The humiliation of Emmanuel Macron

The French parliament has taken back control from this authoritarian president.

Charles Devellennes

Topics Politics World

The French National Assembly inflicted a rare yet embarrassing defeat on the French government on Monday, rejecting its proposed law on immigration by a vote of 270 to 265. The bill was aimed at expelling more undocumented migrants and improving integration. While the government thought it could count on the support of the right and the opposition of the left, both ends of French politics ended up joining forces to oppose the bill and deal a blow to embattled French president Emmanuel Macron.

The chamber erupted into celebration when it emerged that the government had lost the vote in a tight race. And with good reason. This wasn’t just a policy disagreement. This was a re-assertion of parliament’s authority at a time when the government – which has no parliamentary majority – is increasingly reliant on anti-democratic powers to force through its legislation.

The big loser of the day was Gérald Darmanin, the interior minister and presidential hopeful for 2027, who had personally promoted the bill. Darmanin left parliament and rushed to the Élysée Palace to hand in his resignation to President Macron – who promptly refused it. This was yet another power move by Darmanin, who reports to prime minister Élisabeth Borne and not directly to the president. By rushing to see Macron, he was trying to suggest that the PM is weak, and that the two men are the real power brokers in the country. Darmanin has since hinted that he is dropping any ambition to stand for president in 2027, but this should probably be taken with a pinch of salt.

Beyond the machinations of those in Macron’s party, this vote was a much-needed blast against the undemocratic antics of his government. When the vote took place, prime minister Borne had just invoked Article 49.3 for the twentieth time in 18 months. This is the French constitution’s highly controversial measure that allows the government to rush a bill through parliament without a debate and without a vote. Over the past few years, we have witnessed the most intense use of Article 49.3 in French history. While former Socialist prime minister Michel Rocard still holds the absolute record, with 28 invocations between 1988 and 1991, at the current rate, Borne is due to overtake him in 2024 – making her premiership the least democratic in the history of the Fifth Republic.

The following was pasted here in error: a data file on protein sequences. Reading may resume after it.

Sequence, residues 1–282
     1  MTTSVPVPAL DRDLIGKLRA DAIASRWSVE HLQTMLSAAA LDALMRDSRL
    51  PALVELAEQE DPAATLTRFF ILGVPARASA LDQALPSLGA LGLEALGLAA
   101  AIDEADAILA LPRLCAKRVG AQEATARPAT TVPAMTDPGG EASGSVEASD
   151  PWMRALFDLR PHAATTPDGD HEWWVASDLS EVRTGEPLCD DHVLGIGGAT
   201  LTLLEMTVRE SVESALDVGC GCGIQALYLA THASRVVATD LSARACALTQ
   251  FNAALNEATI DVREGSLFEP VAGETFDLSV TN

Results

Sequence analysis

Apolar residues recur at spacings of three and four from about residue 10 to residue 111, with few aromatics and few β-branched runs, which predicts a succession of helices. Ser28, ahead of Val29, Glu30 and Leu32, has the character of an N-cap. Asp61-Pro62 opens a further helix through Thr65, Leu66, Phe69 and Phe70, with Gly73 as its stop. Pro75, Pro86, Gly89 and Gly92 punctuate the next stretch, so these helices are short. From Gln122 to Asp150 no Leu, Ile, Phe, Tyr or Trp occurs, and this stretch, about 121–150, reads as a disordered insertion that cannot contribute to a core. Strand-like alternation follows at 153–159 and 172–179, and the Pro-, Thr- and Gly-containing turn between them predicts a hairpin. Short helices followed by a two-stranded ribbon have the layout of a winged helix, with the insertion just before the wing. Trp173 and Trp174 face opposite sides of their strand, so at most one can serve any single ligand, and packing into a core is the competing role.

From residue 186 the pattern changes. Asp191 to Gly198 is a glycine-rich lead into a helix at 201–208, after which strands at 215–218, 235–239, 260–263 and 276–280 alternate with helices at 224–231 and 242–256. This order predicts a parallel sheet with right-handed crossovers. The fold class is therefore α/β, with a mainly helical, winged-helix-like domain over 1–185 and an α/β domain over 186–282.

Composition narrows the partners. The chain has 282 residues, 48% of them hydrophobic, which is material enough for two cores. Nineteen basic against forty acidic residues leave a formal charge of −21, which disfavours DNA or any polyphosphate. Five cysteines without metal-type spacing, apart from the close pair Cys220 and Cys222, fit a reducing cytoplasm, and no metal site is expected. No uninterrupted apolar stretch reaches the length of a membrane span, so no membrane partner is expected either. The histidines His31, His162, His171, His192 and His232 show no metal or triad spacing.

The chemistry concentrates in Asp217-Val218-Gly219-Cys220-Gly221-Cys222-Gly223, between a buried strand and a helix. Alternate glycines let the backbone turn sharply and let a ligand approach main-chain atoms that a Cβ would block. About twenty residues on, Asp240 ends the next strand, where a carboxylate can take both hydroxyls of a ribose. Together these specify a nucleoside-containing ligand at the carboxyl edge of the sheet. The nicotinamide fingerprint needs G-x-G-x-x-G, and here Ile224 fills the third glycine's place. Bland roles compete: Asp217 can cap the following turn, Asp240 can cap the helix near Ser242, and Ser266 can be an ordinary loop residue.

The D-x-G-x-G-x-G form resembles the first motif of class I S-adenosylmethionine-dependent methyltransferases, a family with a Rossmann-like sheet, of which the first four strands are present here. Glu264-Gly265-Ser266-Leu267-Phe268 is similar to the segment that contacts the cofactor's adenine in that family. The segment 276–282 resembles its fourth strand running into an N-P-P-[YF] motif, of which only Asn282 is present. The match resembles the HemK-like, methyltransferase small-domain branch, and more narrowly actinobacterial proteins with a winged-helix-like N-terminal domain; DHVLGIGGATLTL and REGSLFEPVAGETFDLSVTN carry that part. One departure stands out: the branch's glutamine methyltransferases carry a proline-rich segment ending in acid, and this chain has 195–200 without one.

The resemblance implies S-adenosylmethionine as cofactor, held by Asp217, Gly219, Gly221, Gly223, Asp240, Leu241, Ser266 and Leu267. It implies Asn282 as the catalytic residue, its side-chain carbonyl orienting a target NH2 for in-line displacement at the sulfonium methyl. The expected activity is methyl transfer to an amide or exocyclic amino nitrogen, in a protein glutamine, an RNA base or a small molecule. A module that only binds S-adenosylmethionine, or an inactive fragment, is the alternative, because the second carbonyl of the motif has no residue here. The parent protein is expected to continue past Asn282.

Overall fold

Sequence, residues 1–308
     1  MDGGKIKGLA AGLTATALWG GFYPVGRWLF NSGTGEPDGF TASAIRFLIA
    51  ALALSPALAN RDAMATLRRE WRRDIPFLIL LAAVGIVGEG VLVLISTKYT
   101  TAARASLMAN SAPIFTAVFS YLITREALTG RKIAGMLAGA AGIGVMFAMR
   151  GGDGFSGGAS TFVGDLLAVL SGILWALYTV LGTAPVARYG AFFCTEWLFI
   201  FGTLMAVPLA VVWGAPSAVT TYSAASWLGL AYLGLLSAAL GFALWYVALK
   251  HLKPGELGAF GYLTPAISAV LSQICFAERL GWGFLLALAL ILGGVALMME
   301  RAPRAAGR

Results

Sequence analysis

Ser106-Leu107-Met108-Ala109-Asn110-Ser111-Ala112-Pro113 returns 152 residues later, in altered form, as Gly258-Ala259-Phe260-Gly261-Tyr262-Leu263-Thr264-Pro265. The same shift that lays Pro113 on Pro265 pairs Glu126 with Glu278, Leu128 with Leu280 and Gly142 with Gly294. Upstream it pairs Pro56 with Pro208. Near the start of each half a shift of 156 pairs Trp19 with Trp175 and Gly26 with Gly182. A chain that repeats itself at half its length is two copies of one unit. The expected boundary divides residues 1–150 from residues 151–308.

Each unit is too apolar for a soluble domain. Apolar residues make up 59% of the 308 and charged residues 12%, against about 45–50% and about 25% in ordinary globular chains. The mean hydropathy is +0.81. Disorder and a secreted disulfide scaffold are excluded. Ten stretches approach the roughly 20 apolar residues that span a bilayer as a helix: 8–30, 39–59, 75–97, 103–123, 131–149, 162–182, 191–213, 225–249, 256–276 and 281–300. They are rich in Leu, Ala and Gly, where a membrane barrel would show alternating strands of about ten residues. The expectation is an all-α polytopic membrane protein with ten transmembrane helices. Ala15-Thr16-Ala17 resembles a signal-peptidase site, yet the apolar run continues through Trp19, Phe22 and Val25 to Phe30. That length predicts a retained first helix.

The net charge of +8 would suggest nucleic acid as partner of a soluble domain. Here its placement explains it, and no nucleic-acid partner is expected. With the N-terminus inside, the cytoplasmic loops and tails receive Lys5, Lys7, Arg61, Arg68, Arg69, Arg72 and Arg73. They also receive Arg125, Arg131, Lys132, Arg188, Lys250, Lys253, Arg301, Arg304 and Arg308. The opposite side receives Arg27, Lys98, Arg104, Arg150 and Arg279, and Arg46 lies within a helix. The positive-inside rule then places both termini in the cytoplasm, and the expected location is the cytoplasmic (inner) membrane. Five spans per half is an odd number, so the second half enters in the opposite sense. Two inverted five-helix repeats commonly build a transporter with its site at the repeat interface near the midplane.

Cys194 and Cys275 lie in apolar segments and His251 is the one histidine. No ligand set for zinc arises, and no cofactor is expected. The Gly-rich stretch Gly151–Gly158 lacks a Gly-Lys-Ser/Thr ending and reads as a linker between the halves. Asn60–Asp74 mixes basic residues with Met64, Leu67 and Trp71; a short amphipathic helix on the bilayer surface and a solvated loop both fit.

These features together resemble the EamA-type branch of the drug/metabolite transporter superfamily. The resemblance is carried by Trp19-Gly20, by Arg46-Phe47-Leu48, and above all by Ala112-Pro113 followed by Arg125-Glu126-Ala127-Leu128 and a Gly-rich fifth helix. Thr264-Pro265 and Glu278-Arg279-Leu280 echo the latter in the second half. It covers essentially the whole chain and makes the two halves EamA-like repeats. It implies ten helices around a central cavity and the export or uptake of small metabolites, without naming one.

Macron’s rule has become increasingly authoritarian. He has never had much attachment to electoral politics. Indeed, he had never run for election prior to his election to the highest office in the land in 2017. And his antipathy towards parliament goes back further than that. Back in 2015, when he was a minister under François Hollande, his infamous ‘Macron Law’ on the economy was met with a rebellion from the left of the ruling Socialist Party. Prime minister Manuel Valls then had to use 49.3 to push it through parliament. Macron has never forgiven MPs for that humiliation early on in his political career and has taken every opportunity to bypass the representatives of the people since he was elected president.